Dairy Products, Dairy Fatty Acids, and the Prevention of Cardiometabolic Disease: a Review of Recent Evidence

  • Edward Yu
  • Frank B. HuEmail author
Nutrition (P. Kris-Etherton, Section Editor)
Part of the following topical collections:
  1. Topical Collection on Nutrition


Purpose of Review

To examine recent literature on dairy products, dairy fatty acids, and cardiometabolic disease. Primary questions of interest include what unique challenges researchers face when investigating dairy products/biomarkers, whether one should consume dairy to reduce disease risk, whether dairy fatty acids may be beneficial for health, and whether one should prefer low- or high-fat dairy products.

Recent Findings

Dairy composes about 10% of the calories in a typical American diet, about half of that coming from fluid milk, half coming from cheese, and small amounts from yogurt. Most meta-analyses report no or weak inverse association between dairy intake with cardiovascular disease and related intermediate outcomes. There is some suggestion that dairy consumption was inversely associated with stroke incidence and yogurt consumption was associated with lower risk of type 2 diabetes. Odd chain fatty acids (OCFAs) found primarily in dairy (15:0 and 17:0) appear to be inversely associated with cardiometabolic risk, but causation is uncertain. Substitution analyses based on prospective cohorts suggested that replacing dairy fat with vegetable fat or polyunsaturated fat was associated with significantly lower risk of cardiovascular disease.


Current evidence suggests null or weak inverse association between consumption of dairy products and risk of cardiovascular disease. However, replacing dairy fat with polyunsaturated fat, especially from plant-based foods, may confer health benefits. More research is needed to examine health effects of different types of dairy products in diverse populations.


Dairy Saturated fat Yogurt Cardiovascular disease Odd chain fatty acids 


Funding Information

This research was supported by the National Institute of Health grants R01 HL060712 and F31 DK114938.

Compliance with Ethical Standards

Conflict of Interest

Dr. Frank Hu has received research support from the California Walnut Commission and an honorarium from Metagenics. Dr. Edward Yu declares no conflict of interest.

Human and Animal Rights and Informed Consent

This article does not contain any studies with human or animal subjects performed by any of the authors.


  1. 1.
    Gaucheron F. Milk and dairy products: a unique micronutrient combination. J Am Coll Nutr. 2011;30(5 Suppl 1):400s–9s.PubMedCrossRefGoogle Scholar
  2. 2.
    Sacks FM, Lichtenstein AH, Wu JHY, Appel LJ, Creager MA, Kris-Etherton PM, et al. Dietary fats and cardiovascular disease: a presidential advisory from the American Heart Association. Circulation. 2017;136:e1–e23.PubMedCrossRefGoogle Scholar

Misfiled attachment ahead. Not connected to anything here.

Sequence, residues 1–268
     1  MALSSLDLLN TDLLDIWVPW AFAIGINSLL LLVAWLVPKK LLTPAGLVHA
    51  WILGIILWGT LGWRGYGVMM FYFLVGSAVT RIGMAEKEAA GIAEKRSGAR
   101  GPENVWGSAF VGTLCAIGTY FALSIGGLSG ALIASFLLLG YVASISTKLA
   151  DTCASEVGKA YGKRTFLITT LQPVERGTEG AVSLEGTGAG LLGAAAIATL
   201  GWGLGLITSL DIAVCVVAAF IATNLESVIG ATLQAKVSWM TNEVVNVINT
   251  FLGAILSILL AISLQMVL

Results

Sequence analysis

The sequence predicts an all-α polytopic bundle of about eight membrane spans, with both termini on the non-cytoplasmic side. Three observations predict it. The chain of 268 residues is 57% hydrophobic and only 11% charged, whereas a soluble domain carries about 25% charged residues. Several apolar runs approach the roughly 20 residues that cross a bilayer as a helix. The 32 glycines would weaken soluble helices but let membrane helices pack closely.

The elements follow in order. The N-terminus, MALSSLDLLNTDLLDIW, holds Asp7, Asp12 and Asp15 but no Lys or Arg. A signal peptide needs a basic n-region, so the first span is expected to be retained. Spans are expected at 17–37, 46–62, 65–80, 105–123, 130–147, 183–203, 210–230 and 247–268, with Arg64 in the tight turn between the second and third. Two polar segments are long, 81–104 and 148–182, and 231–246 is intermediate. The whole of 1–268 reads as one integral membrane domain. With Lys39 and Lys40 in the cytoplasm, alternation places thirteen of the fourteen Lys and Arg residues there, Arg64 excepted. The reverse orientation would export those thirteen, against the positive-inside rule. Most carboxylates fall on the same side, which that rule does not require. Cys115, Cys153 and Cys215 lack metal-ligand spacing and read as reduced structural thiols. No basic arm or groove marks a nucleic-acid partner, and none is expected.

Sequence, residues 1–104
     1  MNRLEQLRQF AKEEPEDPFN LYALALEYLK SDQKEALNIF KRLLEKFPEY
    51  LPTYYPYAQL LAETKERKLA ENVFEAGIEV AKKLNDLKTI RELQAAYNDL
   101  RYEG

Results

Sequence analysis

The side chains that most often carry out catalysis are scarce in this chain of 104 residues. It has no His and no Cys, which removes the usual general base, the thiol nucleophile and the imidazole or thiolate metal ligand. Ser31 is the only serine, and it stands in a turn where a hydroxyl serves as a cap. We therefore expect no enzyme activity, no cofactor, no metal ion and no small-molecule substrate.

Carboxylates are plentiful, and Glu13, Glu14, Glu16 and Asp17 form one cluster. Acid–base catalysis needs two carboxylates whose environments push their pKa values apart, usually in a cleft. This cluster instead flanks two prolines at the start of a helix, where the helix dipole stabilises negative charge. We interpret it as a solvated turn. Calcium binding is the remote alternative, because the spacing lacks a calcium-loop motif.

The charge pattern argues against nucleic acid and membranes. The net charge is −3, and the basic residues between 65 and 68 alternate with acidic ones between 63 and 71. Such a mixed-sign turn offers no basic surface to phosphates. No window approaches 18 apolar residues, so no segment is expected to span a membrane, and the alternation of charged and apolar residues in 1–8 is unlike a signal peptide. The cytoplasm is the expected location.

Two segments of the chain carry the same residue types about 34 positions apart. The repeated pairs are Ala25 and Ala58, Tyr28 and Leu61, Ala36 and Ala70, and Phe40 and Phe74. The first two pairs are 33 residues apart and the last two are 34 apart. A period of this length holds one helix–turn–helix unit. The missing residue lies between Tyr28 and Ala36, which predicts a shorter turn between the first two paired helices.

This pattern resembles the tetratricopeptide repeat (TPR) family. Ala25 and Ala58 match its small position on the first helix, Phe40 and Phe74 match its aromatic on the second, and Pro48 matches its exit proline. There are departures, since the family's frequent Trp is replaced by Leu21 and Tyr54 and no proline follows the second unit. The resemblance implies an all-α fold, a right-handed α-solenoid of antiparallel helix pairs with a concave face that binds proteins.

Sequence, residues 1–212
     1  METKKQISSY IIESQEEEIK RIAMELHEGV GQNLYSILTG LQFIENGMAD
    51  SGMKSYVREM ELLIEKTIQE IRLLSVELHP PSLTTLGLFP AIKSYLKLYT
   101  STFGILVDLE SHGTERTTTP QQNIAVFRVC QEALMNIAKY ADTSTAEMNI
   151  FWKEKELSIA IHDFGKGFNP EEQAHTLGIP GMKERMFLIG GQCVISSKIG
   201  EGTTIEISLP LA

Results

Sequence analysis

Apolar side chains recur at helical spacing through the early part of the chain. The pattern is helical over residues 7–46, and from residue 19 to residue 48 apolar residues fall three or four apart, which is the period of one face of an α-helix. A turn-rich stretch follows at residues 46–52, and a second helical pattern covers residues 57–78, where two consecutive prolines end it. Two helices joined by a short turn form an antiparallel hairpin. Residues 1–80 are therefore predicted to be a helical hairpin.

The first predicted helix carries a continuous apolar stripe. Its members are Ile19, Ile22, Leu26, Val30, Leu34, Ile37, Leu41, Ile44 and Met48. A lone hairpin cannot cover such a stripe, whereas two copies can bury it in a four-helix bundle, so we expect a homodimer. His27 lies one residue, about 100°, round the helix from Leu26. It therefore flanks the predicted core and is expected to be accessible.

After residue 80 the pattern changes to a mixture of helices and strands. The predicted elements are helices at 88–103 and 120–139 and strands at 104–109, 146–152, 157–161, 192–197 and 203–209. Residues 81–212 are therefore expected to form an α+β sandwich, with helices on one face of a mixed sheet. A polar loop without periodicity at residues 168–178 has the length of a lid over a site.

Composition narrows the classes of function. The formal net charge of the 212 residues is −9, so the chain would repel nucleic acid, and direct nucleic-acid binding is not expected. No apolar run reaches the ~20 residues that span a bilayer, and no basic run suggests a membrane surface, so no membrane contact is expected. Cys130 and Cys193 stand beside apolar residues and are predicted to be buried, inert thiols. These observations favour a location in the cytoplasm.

3. 3.
    Agriculture USDo. Food Availability (Per Capita) Data System 2016 [cited 2017 July 26]. Available from:
  4. 4.
    Bainbridge ML, Cersosimo LM, Wright A-DG, Kraft J. Content and composition of branched-chain fatty acids in bovine milk are affected by lactation stage and breed of dairy cow. PLoS One. 2016;11(3):e0150386.PubMedPubMedCentralCrossRefGoogle Scholar
  5. 5.
    SR28 U. National Nutrient Database for Standard Reference, Release 28. US Department of Agriculture, Agricultural Research Service, Nutrient Data Laboratory http://www ars usda gov/ba/bhnrc/ndl Accessed. 2016;26.Google Scholar
  6. 6.
    Stefanov I, Baeten V, Abbas O, Colman E, Vlaeminck B, De Baets B, et al. Analysis of milk odd- and branched-chain fatty acids using Fourier transform (FT)-Raman spectroscopy. J Agric Food Chem. 2010;58(20):10804–11.PubMedCrossRefGoogle Scholar
  7. 7.
    Lock AL, Bauman DE. Modifying milk fat composition of dairy cows to enhance fatty acids beneficial to human health. Lipids. 2004;39(12):1197–206.PubMedCrossRefGoogle Scholar
  8. 8.
    O'Donnell-Megaro AM, Barbano DM, Bauman DE. Survey of the fatty acid composition of retail milk in the United States including regional and seasonal variations. J Dairy Sci. 2011;94(1):59–65.PubMedCrossRefGoogle Scholar
  9. 9.
    Sofie Biong A, Berstad P, Pedersen JI. Biomarkers for intake of dairy fat and dairy products. Eur J Lipid Sci Technol. 2006;108(10):827–34.CrossRefGoogle Scholar
  10. 10.
    Horning MG, Martin DB, Karmen A, Vagelos PR. Fatty acid synthesis in adipose tissue. II. Enzymatic synthesis of branched chain and odd-numbered fatty acids. J Biol Chem. 1961;236:669–72.PubMedGoogle Scholar
  11. 11.
    Tserng KY, Kliegman RM, Miettinen EL, Kalhan SC. A rapid, simple, and sensitive procedure for the determination of free fatty acids in plasma using glass capillary column gas-liquid chromatography. J Lipid Res. 1981;22(5):852–8.PubMedGoogle Scholar
  12. 12.
    Eaton S, Bartlett KB, Pourfarzam M. Mammalian mitochondrial β-oxidation. Biochem J. 1996;320(2):345–57.PubMedPubMedCentralCrossRefGoogle Scholar
  13. 13.
    Jenkins B, West JA, Koulman A. A review of odd-chain fatty acid metabolism and the role of pentadecanoic acid (c15:0) and heptadecanoic acid (c17:0) in health and disease. Molecules. 2015;20(2):2425–44.PubMedCrossRefGoogle Scholar
  14. 14.
    National Research Council Committee on Technological Options to Improve the Nutritional Attributes of Animal P. Factors affecting the composition of milk from dairy cows. Designing foods: animal product options in the marketplace. Washington (DC): National Academies Press (US) Copyright (c) 1988 by the National Academy of Sciences.; 1988Google Scholar